A ‘million-person Canberra’ would quickly run out of water
We may assume he is unaware of Liebig’s Law of the Minimum, which states that growth is dictated not by total resources available, but by the scarcest resource. What is Canberra’s scarcest resource? I suspect it is water, though space could fit the bill, especially if Cain eschews high-rises and wants more traditional suburban blocks.
Climate change may well throw a spanner in the works of even the best-laid plans. In the southeast of Australia rainfall has declined by around 11 per cent since the late 1990s. It may well be that, should the trend continue, Canberra may not be able to support even the half-million it will reach in around 2028. Desalination is not an option; the city is too far from the coast.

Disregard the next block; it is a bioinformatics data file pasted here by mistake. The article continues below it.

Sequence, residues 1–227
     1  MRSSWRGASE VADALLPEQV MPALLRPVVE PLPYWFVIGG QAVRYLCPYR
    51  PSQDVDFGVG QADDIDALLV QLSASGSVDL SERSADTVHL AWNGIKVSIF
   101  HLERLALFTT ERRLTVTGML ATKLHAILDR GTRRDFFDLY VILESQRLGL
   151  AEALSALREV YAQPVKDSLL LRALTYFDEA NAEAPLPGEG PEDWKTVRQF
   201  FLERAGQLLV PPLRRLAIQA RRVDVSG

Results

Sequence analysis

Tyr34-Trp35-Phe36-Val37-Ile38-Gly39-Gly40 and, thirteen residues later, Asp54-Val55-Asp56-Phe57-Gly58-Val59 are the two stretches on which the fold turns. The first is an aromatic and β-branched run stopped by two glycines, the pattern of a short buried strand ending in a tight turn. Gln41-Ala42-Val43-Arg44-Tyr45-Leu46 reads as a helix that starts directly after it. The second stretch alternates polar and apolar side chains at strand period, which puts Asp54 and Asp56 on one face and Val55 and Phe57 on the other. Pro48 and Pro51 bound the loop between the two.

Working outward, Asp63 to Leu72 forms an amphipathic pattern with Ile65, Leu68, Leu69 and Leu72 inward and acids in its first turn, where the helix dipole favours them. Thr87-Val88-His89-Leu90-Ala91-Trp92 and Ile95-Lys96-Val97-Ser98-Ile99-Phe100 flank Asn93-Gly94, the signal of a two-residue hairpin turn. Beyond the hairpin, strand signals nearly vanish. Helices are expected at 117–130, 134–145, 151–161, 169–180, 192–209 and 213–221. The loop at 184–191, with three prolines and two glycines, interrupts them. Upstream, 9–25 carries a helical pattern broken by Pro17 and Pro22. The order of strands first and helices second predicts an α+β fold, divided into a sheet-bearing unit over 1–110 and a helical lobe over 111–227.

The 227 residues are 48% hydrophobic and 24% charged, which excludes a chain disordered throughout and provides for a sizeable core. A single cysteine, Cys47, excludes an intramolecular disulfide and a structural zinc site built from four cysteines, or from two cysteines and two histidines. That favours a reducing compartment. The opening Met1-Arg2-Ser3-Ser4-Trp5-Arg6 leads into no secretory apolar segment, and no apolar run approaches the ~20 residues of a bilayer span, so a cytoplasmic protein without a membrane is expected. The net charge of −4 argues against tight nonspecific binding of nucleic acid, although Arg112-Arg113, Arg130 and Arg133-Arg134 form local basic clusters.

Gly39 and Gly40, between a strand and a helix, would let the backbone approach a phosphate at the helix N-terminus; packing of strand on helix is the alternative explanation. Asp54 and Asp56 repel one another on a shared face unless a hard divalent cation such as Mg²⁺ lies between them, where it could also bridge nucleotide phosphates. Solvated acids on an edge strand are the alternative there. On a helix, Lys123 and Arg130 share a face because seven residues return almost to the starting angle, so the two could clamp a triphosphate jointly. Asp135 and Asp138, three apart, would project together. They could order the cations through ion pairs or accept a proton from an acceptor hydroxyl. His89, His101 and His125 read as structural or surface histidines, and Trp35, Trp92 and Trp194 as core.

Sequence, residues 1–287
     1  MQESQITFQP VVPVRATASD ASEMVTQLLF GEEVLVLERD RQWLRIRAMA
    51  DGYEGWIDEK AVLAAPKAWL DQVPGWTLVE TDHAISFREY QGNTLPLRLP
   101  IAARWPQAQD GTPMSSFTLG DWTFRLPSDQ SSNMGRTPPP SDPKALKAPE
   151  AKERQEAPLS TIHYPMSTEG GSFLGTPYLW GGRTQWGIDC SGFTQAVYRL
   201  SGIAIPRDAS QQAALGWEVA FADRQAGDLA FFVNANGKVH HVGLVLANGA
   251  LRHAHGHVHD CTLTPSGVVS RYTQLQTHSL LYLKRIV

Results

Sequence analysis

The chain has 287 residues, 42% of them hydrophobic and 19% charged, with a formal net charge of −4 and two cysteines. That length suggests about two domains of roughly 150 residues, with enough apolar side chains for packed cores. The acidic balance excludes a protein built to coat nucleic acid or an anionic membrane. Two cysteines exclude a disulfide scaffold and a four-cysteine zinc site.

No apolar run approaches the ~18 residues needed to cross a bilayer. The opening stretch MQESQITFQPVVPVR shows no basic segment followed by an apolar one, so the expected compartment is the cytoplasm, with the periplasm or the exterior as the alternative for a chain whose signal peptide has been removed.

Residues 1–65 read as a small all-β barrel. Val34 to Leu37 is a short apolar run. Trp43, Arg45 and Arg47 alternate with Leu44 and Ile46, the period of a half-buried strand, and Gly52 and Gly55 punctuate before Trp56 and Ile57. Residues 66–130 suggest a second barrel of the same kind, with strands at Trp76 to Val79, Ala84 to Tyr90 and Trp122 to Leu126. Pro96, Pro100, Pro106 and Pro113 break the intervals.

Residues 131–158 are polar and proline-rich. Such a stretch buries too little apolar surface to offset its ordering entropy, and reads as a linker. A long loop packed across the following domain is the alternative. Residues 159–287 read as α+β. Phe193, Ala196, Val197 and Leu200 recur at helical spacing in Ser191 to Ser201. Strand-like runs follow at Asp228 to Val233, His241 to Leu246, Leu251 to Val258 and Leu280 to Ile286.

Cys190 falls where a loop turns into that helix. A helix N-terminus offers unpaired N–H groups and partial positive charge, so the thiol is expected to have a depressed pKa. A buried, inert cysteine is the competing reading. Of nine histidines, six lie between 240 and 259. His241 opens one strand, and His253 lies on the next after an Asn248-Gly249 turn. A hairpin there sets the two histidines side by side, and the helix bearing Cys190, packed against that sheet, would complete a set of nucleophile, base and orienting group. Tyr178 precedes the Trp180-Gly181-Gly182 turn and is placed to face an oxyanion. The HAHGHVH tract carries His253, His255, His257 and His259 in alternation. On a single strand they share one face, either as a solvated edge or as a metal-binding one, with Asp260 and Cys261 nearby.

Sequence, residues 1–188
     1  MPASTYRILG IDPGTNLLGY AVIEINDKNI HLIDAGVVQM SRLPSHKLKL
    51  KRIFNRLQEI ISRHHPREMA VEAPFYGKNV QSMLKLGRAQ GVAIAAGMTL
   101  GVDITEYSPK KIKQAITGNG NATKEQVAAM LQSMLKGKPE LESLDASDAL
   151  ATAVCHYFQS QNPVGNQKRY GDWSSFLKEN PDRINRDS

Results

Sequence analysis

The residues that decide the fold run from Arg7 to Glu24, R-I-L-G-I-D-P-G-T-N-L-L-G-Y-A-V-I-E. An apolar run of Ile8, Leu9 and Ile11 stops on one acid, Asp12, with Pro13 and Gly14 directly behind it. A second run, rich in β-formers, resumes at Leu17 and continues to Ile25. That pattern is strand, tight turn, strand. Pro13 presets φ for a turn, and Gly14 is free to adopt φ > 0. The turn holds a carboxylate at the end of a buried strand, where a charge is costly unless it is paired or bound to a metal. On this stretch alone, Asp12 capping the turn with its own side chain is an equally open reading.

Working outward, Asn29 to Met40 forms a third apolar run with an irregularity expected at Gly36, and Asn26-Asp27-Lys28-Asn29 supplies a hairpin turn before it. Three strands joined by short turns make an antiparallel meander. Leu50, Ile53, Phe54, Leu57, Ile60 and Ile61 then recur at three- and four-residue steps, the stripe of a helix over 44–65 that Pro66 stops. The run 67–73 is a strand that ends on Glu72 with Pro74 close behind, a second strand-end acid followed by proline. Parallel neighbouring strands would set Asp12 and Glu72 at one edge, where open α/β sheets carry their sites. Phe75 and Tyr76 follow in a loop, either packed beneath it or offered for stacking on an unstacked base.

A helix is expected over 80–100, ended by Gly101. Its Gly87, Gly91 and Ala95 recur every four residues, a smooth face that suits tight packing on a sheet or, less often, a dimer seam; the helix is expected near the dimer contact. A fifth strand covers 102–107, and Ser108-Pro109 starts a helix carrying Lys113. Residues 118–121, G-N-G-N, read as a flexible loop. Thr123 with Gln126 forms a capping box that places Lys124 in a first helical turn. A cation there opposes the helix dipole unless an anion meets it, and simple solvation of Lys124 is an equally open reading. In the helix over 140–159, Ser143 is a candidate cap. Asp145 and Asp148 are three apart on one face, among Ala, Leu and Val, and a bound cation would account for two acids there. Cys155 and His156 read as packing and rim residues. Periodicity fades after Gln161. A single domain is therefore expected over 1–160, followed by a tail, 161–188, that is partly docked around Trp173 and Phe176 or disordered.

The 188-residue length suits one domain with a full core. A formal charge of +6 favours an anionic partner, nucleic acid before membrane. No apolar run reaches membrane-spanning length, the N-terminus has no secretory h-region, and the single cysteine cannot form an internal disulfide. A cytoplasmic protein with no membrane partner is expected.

Mr Cain should consider whether growth is desirable anyway. If we have traffic jams now, how much worse will they be if the population doubles? Perhaps he should read Julian Cribb’s excellent opinion piece “The end of politics as we know it” (canberratimes.com.au, January 14).
Politicians, Cribb claims, are denying that civilisation is in peril. Instead, they “have managed to bury the facts under a fantasy of never-ending growth”.
Cribb is correct to argue that we face a number of existential crises. Cain ignores the fact that we cannot go on as we have. Things have changed. Sustainability – not growth – is what is required – though, bless his heart, let’s heed Cain’s call for more public transport.